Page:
#1
Oct1512, 03:41 AM

P: 24

1. Yukawa Potential
So reading about the yukawa potential I notice that the constant k is related to the inverse of the effective distance of the force from what I've been reading. Thing is everything I read about the strong force states it has infinite range but simply has a maximum potential at ~ 10k Newtons. My question than is for the strong force is k related to ∞ or related to the point it levels out? The yukawa potential seems to be an equation that uses the coupling constant to relate different forces or that's what I keep reading. So for the fine structure constant and r = ∞ it illustrates Coulomb's Law. Does this extend to all forces such as gravity and weak as well? 2. The weak force I'm reading about is the result of exchanging bosons that results in quark transmutation. (up,charm,top) > (down,strange,bottom). I can understand how this would result in destabilization in large atoms. However, what are the stimuli that cause the generation of these bosons in a nucleus? I mean 90 GeV type energies don't come from nowhere. A whole proton is just slight of 1 GeV in energy so I find it difficult to imagine where it comes. 



#2
Oct1712, 12:58 PM

P: 9

1) The Yukawa potential is an effective description of the remnant strong force between hadrons (bound states of quarks and gluons), not of the fundamental strong force between quarks and gluons. As this effective strong force is mediated by massive hadrons itself, it has a finite range.
In contrast to this, the electromagnetic force is mediated by the massless photon, so you get it by m=0 and g=Q. 2) No real W is produced in a weak decay of a nucleus. There are just virtual W's and that is the reason why these processes are relatively slow even if the coupling is large.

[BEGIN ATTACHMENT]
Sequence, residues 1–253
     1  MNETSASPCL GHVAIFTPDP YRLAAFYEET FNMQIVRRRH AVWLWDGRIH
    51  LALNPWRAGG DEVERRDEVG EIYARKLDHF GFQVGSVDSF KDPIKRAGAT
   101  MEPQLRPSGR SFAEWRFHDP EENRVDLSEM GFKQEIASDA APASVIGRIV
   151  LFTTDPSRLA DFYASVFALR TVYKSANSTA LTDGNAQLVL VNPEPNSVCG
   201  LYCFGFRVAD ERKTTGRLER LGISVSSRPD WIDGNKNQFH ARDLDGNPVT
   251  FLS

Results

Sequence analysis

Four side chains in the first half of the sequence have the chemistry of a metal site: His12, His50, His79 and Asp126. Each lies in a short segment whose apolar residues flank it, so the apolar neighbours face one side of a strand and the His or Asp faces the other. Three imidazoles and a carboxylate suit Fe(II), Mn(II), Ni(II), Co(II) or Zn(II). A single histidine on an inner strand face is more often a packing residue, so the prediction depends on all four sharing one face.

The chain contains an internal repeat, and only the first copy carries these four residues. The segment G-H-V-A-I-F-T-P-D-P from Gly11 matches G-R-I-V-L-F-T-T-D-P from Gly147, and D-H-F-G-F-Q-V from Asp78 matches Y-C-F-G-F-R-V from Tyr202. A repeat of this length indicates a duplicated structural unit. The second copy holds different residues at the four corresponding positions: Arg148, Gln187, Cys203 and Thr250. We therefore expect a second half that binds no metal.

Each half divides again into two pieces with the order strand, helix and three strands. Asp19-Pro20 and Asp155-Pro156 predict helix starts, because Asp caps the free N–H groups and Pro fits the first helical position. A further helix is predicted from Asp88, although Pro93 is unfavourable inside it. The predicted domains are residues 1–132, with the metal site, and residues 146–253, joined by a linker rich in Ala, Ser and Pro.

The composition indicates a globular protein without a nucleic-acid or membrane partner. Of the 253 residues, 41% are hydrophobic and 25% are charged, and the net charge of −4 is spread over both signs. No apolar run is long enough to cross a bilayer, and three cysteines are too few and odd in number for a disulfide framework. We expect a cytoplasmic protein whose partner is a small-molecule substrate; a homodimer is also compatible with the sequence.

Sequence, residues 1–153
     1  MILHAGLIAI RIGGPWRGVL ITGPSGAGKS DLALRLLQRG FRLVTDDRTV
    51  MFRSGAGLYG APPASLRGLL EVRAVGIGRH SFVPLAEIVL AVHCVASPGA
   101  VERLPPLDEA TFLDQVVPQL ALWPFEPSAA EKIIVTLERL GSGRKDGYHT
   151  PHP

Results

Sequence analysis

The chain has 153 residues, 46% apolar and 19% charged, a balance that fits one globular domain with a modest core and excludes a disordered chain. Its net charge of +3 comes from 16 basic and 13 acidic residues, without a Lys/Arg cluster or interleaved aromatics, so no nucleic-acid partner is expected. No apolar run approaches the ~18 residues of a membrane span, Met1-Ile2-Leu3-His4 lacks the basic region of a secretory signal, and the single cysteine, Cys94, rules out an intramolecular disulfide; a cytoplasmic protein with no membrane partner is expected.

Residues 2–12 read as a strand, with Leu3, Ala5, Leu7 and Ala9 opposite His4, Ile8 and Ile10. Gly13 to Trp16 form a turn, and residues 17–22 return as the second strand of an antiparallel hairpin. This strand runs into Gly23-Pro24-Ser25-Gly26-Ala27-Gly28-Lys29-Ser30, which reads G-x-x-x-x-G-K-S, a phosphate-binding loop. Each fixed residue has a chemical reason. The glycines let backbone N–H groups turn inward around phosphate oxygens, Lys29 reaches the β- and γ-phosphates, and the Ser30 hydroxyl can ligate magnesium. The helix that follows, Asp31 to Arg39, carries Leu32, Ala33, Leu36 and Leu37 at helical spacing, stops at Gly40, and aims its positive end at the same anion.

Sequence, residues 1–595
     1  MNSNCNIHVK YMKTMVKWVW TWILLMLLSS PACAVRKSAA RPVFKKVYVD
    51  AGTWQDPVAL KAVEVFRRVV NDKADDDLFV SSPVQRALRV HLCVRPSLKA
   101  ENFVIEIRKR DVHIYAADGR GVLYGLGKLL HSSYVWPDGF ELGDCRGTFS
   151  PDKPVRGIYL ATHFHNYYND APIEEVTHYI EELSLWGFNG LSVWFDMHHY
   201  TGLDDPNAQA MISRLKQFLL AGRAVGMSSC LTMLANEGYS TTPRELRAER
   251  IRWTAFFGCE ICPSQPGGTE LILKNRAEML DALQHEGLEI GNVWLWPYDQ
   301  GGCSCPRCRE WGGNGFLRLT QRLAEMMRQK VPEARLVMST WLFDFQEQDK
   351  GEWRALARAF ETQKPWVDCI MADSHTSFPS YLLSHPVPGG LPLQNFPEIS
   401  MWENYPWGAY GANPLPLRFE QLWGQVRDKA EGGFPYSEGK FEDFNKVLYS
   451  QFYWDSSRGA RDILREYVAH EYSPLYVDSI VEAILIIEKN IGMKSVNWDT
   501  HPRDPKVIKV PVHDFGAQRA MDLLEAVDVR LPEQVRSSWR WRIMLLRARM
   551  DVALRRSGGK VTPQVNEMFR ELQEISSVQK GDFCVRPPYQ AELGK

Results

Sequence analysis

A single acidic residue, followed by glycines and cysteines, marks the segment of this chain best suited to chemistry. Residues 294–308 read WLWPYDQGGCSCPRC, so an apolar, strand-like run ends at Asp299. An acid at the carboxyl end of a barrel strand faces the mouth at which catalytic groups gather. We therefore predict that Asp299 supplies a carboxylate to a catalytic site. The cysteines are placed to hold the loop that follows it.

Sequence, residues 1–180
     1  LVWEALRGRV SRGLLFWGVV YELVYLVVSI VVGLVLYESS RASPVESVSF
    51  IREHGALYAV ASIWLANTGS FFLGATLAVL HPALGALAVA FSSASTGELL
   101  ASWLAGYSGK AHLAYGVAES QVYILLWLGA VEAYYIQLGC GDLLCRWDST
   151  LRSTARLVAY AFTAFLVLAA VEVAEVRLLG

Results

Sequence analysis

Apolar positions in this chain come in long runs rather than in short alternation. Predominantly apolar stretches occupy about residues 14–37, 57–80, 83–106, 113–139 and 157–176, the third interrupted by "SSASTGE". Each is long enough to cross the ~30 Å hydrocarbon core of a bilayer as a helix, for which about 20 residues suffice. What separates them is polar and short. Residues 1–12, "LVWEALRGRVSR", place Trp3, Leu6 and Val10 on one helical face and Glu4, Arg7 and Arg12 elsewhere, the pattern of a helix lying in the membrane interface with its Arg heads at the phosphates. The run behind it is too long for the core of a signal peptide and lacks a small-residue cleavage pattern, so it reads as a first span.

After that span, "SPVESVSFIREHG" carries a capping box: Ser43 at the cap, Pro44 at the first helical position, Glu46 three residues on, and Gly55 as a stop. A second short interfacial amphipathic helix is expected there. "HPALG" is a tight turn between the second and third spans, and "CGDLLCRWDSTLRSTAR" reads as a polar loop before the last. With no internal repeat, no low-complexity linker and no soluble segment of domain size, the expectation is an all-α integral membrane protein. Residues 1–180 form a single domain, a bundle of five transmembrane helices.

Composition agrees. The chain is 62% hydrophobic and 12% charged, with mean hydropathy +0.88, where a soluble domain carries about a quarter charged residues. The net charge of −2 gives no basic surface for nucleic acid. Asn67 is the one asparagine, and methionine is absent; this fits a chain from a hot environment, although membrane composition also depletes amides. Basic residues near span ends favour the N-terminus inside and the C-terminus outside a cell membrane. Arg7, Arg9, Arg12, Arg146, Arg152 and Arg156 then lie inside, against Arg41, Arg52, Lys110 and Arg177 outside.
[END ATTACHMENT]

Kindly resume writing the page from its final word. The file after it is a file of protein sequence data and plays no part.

#3
Oct1712, 01:10 PM

Mentor
P: 10,766





#4
Jul2013, 10:10 AM

P: 31

Two Questions: Yukawa Potential and Weak Force
https://en.wikipedia.org/wiki/Yukawa_potential.
Can be used for for all types potentials/fields. Just reduces to Coulomb potential if m =0 (photons). g, another coupling constant, can not be charge: units don't fit. Would be depending on ε_{0} and μ_{0}. For Coulomb field, the value of mentioned k coupling constant in e^{kmr} is of no importance. 'Inside' the charge carrier, electron or proton, its mass(density) does matter so k does have a value. k should be dimensionless and the fine structure constant is a good candidate. The fine structure constant does fit the description it commonly has http://en.wikipedia.org/wiki/Finestructure_constant. The mass density is quite high, given common radius of 2.8e15 [m], with almost 1e13 kg/m3, a minimal movement inside will give rise to a potential depending on r of order from 4 to 7. Very short range potential. No wonder one needs to blast particles onto each other with energies in the 10 ths GeV range to get into reacting range of the quarks. 



#5
Jul2113, 05:37 PM

P: 2

The color force is mediated by massless gluons, the representations of an UNBROKEN SU(3) group(three squared minus one=8 gluons). However,...,being nonabelian, it was discovered by the late Sidney Coleman's graduate students at Harvard, that a property of "asymptotic freedom" is manifest with this unbroken SU(3) color gauge field. Read the Nobel lectures of Gross,Politzer and Wilczek in, for example,Reviews Of Modern Physics, Volume 77, July 2005.



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